'Credible fear'
Some of the Indians held recently at the county jail turned themselves in to U.S. authorities and requested an asylum hearing, citing a "credible fear" of persecution if they are repatriated to India, Estrada said.
Maria Elena Upson, spokeswoman for U.S. Citizenship and Immigration Services (USCIS), said her agency could not discuss the specifics of the asylum requests, or even confirm that they had been filed. "Asylum applications are confidential under immigration law, and we may not discuss information regarding whether an individual has or has not filed an application," she wrote in an email.
But Aseema Sinha, an expert on Indian politics at Claremont McKenna College in Claremont, Calif., was skeptical that many Indians could credibly claim persecution.
"India is a democratic country and very few groups can rightfully make arguments for asylum, especially at this moment as many ethnic conflicts have abated," she said.
Religious Sikhs could have made legitimate claims of persecution in the 1980s, she said, but that is no longer the case, especially since Punjab, the state where many Sikhs live, is now governed by a Sikh-based party called the Akali Dal.
The Indian inmates now at the Santa Cruz County jail specified their religion as either Hindu – the country's dominant religion – or "other," a jail staffer said.
Reports by the Los Angeles Times and Associated Press on the 2011 influx of Indian migrants to South Texas found that many were Sikhs who sought asylum hearings on the grounds that they suffered religious persecution, or members of opposition political parties who said they were targeted for violence by the ruling National Congress Party. Some were able to convince immigration judges to grant bond during the fact-finding period of their cases, and then have a family member or friend in the U.S. post the bond.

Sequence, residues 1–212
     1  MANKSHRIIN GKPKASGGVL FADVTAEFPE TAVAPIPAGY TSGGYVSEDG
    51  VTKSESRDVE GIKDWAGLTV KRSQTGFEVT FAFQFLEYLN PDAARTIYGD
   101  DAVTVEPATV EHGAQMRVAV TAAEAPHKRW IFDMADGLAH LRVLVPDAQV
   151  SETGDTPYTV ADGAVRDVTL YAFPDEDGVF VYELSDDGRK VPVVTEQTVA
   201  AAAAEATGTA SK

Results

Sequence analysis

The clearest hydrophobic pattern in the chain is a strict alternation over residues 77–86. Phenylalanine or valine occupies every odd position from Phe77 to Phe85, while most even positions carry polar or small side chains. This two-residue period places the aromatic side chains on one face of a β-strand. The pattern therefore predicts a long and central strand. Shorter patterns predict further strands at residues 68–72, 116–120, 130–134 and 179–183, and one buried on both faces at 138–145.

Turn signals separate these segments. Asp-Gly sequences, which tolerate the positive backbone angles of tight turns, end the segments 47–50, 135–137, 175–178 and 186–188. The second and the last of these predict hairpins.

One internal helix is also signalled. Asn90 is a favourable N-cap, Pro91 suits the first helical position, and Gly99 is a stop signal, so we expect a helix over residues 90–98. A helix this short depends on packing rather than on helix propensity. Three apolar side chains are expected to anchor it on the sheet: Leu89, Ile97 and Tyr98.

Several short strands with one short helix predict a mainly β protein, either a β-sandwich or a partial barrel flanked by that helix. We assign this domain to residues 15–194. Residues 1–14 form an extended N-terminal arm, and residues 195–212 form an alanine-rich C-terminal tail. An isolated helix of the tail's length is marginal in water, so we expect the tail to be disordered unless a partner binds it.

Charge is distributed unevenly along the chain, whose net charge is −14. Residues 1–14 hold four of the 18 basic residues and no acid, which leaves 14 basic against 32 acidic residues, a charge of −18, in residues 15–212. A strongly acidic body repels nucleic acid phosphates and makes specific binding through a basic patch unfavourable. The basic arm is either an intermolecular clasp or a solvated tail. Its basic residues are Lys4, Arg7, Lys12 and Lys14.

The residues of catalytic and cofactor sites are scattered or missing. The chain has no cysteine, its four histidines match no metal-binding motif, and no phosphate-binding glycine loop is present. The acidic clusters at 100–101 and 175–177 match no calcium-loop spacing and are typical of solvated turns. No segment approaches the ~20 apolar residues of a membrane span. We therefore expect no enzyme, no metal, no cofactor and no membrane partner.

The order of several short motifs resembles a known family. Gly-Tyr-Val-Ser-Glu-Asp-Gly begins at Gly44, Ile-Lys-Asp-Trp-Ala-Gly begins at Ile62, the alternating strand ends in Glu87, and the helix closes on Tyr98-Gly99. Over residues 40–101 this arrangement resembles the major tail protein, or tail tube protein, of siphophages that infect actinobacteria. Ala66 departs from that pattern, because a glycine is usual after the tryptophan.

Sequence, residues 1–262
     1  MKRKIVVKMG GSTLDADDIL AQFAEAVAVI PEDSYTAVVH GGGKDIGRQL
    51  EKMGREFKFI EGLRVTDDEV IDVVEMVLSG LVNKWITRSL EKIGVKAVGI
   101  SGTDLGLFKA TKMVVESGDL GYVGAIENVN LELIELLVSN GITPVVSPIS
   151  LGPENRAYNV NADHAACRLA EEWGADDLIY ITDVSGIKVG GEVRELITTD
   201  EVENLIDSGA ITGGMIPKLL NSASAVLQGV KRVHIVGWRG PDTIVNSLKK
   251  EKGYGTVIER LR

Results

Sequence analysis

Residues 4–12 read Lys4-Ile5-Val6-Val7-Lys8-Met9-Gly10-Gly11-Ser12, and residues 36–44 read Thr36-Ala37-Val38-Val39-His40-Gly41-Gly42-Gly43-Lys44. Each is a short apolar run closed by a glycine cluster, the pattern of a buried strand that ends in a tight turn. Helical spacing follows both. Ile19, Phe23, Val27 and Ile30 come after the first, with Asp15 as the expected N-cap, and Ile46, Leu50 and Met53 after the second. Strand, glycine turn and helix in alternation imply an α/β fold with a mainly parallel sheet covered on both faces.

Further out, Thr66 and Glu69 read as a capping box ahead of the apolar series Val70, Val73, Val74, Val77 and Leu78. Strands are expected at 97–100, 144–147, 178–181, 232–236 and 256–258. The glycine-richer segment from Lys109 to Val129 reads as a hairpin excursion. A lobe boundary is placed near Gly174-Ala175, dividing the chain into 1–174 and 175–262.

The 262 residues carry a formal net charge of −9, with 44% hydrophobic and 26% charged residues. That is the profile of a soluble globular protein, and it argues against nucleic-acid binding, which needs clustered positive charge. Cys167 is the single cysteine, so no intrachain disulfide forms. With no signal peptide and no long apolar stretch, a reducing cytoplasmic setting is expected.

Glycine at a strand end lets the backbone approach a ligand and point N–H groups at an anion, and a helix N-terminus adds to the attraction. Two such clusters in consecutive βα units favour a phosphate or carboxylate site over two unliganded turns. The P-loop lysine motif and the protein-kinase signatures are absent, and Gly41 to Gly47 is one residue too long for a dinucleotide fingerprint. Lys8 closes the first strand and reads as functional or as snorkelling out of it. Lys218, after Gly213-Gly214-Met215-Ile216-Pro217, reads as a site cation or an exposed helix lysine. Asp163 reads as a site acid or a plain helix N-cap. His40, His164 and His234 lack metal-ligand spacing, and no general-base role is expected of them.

"Then they melt into American society and skip subsequent court dates," the AP wrote. "Immigration courts eventually order them deported, but only in absentia."
According to the Justice Department's Executive Office for Immigration Review, U.S. immigration judges have granted between 244 and 282 asylum requests from Indians each fiscal year from 2008 to 2012, a small percentage of the approximately 11,000 to 12,000 total requests granted each year to citizens of all countries.
However, while the number of asylum requests granted to Indian citizens has remained stable, the number of applications jumped from 1,040 in 2008 to 2,622 in 2011, before dipping to 1,703 in 2012.
According to USCIS, which reviews asylum requests before they go to a immigration judge, it has received 485 "credible fear" asylum referrals from Indian nationals through the first half of the current fiscal year – already more than the 426 it received in all of 2012.
However, those numbers are still well short of those from 2010 and 2011, when Indians made 735 and 1,940 credible fear asylum requests, respectively.